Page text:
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Opinion: Time is right for more high-speed internet access in rural Missouri

  

With a legislative district encompassing eight counties here in southeast Missouri, I’m privileged to have a front-row seat to all that makes our region great.

As a farmer, agribusiness owner, and former advisory board chairman of the University of Missouri’s Fisher Delta Research Center, I’m also keenly aware of the challenges that can hold us back. At the top of that list: a lack of high-speed internet. 

State Sen. Jason Bean

The numbers tell the story: Missouri ranks 41st among the 50 states for broadband connectivity, with roughly 20 percent of the state’s population lacking access to adequate high-speed internet.

In rural areas such as ours, that jarring statistic is closer to two-thirds.

Over the past year, we’ve seen how reliable connectivity has allowed employees to remain productive by working from home, kids to at least try to make up for the many lost hours of in-person learning with virtual school, and families remain connected from afar with their loved ones.

Sadly, we’ve also seen how that absence of broadband service has cost many people their jobs, deprived our children of social connection, and needlessly isolated friends and family. It’s against this backdrop that I’m sponsoring SB 184 and SB 185, the Electrical Corporation Broadband Authorization Act.

This legislation would allow electricity providers like Ameren Missouri, which is expanding its fiber network as part of its Smart Energy Plan, to lease part of its fiber capacity to local internet service providers. These internet providers could then bring high-speed service to an additional 184,000 Missouri small business owners, farmers, and families. The Missouri Public Service Commission would ensure that revenues generated by the utilities from leasing fiber will flow directly back to electric customers to offset other costs and help keep utility rates affordable in our state.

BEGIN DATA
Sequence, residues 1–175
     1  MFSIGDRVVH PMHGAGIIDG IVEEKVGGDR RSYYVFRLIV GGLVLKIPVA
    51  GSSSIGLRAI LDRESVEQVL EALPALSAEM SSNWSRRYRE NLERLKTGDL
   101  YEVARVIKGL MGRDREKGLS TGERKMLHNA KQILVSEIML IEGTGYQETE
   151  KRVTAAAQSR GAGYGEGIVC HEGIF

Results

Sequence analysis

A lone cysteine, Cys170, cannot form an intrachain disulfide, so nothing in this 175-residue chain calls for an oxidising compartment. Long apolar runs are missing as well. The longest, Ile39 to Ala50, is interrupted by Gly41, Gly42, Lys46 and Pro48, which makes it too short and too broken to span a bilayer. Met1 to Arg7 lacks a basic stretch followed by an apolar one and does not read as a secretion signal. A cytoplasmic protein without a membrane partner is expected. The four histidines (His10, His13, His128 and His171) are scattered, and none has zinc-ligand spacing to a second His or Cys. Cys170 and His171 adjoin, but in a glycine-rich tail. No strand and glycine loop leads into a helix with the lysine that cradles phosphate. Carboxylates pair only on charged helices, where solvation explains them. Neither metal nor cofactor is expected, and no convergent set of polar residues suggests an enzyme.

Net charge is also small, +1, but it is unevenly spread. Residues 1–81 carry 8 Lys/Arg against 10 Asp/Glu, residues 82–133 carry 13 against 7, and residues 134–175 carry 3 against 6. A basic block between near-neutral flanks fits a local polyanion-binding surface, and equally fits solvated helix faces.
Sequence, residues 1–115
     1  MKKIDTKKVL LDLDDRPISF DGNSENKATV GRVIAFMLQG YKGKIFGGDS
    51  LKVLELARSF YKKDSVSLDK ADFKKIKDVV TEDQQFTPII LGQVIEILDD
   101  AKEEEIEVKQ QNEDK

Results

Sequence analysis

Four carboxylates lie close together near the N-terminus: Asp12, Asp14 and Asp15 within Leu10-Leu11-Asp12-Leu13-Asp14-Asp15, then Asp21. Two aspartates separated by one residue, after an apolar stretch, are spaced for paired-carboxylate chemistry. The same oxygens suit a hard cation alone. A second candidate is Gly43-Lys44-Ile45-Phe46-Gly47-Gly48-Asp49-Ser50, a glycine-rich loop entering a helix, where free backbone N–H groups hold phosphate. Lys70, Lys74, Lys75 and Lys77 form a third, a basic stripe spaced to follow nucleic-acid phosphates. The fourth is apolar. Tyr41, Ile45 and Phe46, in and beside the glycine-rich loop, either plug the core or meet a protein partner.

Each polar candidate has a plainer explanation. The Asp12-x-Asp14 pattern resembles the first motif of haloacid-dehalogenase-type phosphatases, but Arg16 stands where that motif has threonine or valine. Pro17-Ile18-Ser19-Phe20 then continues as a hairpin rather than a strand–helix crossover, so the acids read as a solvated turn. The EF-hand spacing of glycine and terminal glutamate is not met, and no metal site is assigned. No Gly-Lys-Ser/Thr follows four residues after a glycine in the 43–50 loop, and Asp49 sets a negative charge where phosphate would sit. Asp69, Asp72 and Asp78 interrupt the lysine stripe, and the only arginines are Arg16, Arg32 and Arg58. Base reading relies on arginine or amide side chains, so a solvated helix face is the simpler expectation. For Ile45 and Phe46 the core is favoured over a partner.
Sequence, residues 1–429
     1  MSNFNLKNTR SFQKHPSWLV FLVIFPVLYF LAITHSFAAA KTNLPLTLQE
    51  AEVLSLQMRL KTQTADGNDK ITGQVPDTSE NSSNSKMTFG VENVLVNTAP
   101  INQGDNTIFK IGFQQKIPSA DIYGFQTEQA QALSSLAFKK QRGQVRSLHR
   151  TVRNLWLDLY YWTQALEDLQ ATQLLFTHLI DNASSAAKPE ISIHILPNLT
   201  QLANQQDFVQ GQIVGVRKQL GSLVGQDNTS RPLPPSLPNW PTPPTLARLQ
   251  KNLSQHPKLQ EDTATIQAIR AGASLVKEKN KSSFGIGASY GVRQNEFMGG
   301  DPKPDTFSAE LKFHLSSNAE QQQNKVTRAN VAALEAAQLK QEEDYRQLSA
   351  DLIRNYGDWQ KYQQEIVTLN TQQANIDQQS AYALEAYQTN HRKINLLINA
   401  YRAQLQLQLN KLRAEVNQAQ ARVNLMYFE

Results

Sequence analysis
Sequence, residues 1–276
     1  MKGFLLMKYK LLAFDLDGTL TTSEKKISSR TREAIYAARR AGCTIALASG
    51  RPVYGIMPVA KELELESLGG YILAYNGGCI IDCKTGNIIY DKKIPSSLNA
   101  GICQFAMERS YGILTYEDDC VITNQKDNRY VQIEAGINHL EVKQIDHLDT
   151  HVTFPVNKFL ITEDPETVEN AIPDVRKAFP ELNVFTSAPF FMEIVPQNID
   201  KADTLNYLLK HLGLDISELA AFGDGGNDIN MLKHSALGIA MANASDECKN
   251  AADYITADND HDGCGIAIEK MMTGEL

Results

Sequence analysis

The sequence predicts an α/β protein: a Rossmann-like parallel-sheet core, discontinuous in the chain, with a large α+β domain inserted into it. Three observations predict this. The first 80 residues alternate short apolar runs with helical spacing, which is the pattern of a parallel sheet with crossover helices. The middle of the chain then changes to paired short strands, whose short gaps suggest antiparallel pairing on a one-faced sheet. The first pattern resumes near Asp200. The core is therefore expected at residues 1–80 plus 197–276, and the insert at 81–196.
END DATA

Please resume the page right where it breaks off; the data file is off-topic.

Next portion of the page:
Rural hospitals, many with precarious finances, could greatly expand telemedicine services, connecting patients with providers at the click of a mouse. The economic development benefits are obvious — in today’s digital world, any business without the ability to connect with customers, vendors, and suppliers, anywhere in the world, is at a distinct disadvantage.  

Rural broadband expansion is a top priority for Gov. Mike Parson. He described its necessity to a recent  Missouri Farm Bureau audience as follows:

“When the pandemic hit, we saw and know we have a lot more to do for rural Missouri for broadband, and we’ve got to step our game up. To be able to compete in the marketplace, to be able to do our farming, to be able to have our kids obtain an education, we’ve got to do a better job. My theory is if we put electricity into everybody’s house, we can put broadband in there. We’ve just got to figure out the solutions to do that.”

Our state’s workforce development officials concur. Early in the pandemic, they issued a report highlighting how the lack of reliable internet access across the state significantly impeded virtual education and job training efforts.

Simply put, if we want future generations to stay in rural Missouri — and those who remain to not only survive but thrive — we need to have a 21st-century infrastructure. Until then, rural Missouri simply won’t reach its full economic and educational potential.